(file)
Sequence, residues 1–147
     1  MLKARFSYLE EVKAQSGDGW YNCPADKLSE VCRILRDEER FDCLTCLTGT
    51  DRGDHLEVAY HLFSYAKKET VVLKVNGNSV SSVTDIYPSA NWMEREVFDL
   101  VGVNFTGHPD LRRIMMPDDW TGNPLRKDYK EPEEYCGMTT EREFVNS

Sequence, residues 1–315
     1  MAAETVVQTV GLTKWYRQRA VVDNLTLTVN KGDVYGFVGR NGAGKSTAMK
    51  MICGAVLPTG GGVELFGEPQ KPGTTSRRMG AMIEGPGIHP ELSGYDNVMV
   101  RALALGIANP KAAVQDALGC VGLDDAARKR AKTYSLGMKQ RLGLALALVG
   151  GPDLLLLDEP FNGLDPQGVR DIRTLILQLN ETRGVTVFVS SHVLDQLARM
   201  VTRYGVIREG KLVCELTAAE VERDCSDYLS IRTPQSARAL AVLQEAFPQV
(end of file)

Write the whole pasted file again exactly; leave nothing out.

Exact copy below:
Sequence, residues 1–147
     1  MLKARFSYLE EVKAQSGDGW YNCPADKLSE VCRILRDEER FDCLTCLTGT
    51  DRGDHLEVAY HLFSYAKKET VVLKVNGNSV SSVTDIYPSA NWMEREVFDL
   101  VGVNFTGHPD LRRIMMPDDW TGNPLRKDYK EPEEYCGMTT EREFVNS

Sequence, residues 1–315
     1  MAAETVVQTV GLTKWYRQRA VVDNLTLTVN KGDVYGFVGR NGAGKSTAMK
    51  MICGAVLPTG GGVELFGEPQ KPGTTSRRMG AMIEGPGIHP ELSGYDNVMV
   101  RALALGIANP KAAVQDALGC VGLDDAARKR AKTYSLGMKQ RLGLALALVG
   151  GPDLLLLDEP FNGLDPQGVR DIRTLILQLN ETRGVTVFVS SHVLDQLARM
   201  VTRYGVIREG KLVCELTAAE VERDCSDYLS IRTPQSARAL AVLQEAFPQV